Bicycle handlebar position affects female genital sensation

Bicycle handlebar position affects female genital sensation
Low handlebar positioning relative to the bicycle saddle is associated with increased perineal saddle pressure and decreased sensation in critical pelvic floor structures, according to research published online March 5 in the Journal of Sexual Medicine.

(HealthDay) -- Low handlebar positioning relative to the bicycle saddle is associated with increased perineal saddle pressure and decreased sensation in critical pelvic floor structures, according to research published online March 5 in the Journal of Sexual Medicine.

Sarah N. Partin, M.S.P.H., of the Texas A&M Health Science Center in College Station, and colleagues performed a sub-analysis on a group of 48 previously-studied competitive female cyclists who were nonpregnant, premenopausal women who rode at least 10 miles per week, four weeks per month. was measured in microns using biosthesiometry measures of vibratory thresholds. Perineal and total saddle pressures were determined using a specialized pressure map and recorded in kilopascals (kPA).

The researchers found that handlebars positioned lower than the saddle correlated with significantly increased perineum saddle pressures and decreased anterior vaginal and left labial genital sensation. No association was found between low handlebars and total saddle pressures or altered genital sensation in other areas. After adjusting for variables of age and saddle type, low handlebars were linked with significant increases in mean perineum saddle pressures (3.47 kPA) and anterior vagina vibratory threshold (0.86 microns).

"Handlebars positioned lower than the saddle were significantly associated with increased perineum saddle pressures and decreased genital sensation in female cyclists," the authors write.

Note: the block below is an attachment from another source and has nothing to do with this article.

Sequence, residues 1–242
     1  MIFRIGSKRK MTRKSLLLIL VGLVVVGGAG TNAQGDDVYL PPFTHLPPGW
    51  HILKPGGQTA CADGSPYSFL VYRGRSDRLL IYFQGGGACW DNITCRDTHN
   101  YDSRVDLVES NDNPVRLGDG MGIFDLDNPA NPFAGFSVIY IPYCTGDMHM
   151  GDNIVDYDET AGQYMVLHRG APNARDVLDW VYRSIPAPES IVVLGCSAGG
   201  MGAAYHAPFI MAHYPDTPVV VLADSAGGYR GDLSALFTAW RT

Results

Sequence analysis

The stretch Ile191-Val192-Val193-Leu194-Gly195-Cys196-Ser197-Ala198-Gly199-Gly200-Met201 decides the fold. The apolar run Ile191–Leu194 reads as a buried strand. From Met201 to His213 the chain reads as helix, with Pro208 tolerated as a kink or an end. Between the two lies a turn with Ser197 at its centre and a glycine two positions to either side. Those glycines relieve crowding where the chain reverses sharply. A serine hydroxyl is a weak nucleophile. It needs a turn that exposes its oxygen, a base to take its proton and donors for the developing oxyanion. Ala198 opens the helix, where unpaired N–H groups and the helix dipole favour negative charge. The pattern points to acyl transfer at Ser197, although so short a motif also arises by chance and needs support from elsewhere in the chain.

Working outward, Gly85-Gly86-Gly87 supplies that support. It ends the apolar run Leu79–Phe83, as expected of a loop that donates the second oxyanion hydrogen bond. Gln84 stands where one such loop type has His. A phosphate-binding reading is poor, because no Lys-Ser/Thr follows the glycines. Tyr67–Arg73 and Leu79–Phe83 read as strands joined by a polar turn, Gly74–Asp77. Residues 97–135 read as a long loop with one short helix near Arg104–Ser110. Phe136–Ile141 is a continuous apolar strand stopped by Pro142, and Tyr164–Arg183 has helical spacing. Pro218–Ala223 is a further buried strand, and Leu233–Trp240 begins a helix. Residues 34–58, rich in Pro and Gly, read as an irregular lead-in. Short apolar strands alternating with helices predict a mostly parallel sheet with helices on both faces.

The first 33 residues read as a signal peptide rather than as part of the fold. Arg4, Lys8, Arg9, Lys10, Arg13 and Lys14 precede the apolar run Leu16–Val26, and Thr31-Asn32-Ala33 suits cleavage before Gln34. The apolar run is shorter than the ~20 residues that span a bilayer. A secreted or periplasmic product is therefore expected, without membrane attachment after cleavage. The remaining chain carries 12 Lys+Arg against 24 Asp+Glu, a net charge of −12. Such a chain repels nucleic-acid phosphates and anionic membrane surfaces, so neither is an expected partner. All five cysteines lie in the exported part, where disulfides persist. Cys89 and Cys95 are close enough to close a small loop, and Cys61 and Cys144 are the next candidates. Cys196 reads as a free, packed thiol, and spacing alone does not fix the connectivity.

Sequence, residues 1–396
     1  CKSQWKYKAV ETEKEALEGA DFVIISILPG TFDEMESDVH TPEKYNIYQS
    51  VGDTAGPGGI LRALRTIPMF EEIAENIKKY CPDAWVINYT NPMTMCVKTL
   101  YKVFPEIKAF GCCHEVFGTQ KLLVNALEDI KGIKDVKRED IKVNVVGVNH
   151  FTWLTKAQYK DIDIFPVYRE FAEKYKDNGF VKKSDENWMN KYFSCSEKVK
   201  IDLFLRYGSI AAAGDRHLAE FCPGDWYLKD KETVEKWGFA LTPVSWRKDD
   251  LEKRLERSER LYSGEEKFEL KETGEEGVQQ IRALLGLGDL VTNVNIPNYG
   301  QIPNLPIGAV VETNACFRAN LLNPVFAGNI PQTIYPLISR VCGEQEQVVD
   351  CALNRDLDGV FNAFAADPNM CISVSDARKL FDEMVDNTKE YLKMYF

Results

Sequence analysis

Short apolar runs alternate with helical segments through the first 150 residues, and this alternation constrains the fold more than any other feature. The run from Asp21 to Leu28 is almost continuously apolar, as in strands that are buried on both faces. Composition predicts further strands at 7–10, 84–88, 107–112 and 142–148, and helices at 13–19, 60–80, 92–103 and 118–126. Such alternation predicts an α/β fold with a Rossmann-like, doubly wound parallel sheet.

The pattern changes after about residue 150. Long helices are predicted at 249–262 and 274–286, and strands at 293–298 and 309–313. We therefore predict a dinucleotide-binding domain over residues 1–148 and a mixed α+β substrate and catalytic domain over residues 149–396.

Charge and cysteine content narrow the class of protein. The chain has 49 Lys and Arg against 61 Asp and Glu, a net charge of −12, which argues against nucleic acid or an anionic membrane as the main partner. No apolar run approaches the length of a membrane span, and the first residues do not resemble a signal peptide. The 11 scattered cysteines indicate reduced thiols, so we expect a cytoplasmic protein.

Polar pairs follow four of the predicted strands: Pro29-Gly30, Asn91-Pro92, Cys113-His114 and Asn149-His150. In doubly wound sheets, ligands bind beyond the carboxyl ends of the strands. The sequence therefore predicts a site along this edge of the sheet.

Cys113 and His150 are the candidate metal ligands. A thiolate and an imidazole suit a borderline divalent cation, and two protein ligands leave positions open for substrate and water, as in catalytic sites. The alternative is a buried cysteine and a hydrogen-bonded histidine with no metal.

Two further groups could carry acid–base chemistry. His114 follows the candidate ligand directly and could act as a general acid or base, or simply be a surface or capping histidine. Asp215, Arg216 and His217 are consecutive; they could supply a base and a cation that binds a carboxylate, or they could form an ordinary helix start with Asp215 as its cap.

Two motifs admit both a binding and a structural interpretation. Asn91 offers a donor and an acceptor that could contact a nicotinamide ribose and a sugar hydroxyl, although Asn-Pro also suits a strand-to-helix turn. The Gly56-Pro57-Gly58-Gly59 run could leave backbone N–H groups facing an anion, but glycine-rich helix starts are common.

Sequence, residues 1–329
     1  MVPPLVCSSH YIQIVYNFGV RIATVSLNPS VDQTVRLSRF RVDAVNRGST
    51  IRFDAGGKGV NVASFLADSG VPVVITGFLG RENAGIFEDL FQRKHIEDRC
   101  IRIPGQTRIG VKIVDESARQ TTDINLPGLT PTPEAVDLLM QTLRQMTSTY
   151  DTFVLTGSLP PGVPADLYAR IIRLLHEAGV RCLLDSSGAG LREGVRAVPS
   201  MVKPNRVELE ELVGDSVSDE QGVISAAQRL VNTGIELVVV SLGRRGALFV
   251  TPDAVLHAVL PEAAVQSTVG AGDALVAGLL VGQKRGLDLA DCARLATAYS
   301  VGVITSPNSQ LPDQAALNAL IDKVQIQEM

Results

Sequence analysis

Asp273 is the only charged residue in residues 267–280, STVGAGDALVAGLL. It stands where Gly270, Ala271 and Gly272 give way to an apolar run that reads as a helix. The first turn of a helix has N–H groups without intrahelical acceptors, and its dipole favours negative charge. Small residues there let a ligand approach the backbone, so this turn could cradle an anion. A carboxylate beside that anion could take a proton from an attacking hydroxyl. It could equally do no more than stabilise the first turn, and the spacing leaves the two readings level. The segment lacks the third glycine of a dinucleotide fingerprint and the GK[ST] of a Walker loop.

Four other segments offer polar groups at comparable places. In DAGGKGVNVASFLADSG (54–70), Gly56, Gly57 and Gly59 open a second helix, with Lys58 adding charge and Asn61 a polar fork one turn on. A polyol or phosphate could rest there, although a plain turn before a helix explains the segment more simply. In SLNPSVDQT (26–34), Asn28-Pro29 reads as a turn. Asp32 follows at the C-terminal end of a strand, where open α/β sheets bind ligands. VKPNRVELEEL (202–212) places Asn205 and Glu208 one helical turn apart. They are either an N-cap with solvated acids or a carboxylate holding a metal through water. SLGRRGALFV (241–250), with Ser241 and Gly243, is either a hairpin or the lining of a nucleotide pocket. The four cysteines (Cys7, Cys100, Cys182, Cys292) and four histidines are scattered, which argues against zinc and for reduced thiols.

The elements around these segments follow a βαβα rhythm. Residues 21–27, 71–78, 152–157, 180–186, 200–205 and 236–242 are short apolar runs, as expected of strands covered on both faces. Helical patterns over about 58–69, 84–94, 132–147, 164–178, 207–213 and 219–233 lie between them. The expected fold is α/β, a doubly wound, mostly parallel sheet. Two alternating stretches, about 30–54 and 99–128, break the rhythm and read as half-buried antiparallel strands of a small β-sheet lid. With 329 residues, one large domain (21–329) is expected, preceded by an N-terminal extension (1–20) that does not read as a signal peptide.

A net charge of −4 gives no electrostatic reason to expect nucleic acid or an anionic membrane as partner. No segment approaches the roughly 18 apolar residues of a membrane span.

Explore further

Bicycle riding and ED are researched

More information: Abstract
Full Text (subscription or payment may be required)
Journal information: Journal of Sexual Medicine

Copyright © 2012 HealthDay. All rights reserved.

Citation: Bicycle handlebar position affects female genital sensation (2012, March 16) retrieved 24 August 2019 from https://medicalxpress.com/news/2012-03-bicycle-handlebar-position-affects-female.html
This document is subject to copyright. Apart from any fair dealing for the purpose of private study or research, no part may be reproduced without the written permission. The content is provided for information purposes only.
 shares

Feedback to editors

User comments

210
Mar 16, 2012
"Handlebars positioned lower than the saddle were significantly associated with increased perineum saddle pressures and decreased genital sensation in female cyclists," the authors write.

SO...I guess....that is 'good'...? Perhaps...it is good during riding...?!? Does it ...what does.... this mean and, or, what are you trying to tell the wary female, everyday, hardworking, intelligent person? Please., doctor, professor, brainiac, Sarah N. Partin, M.S.P.H., of the Texas A&M Health Science Center in College Station???

word-to-the-muthas

Mar 17, 2012
Re 210: The study is saying that women who ride their bicycles with their handlebars positioned below the saddle have increased permanent sensation loss in the "anterior vaginal and left labial genital" areas. This is most likely due to the increased pressure on the genital area in this riding position.

Mar 19, 2012
By the way, who cares? And what is this ridiculous article doing here?

Mar 24, 2012
"SO...I guess....that is 'good'...? Perhaps...it is good during riding...?!? "

No. Read the article again. A woman's ability to feel sexual stimulation (for the rest of their lives) is harmed if the handlebars are too low on her bike.

"By the way, who cares? "

Well, it's scientific and medical, so it's interesting, and it is also a significant worry female cyclists and those who care about them should consider.

"And what is this ridiculous article doing here?"

It's a big internet, and no one is forcing you to read this article.

Please sign in to add a comment. Registration is free, and takes less than a minute. Read more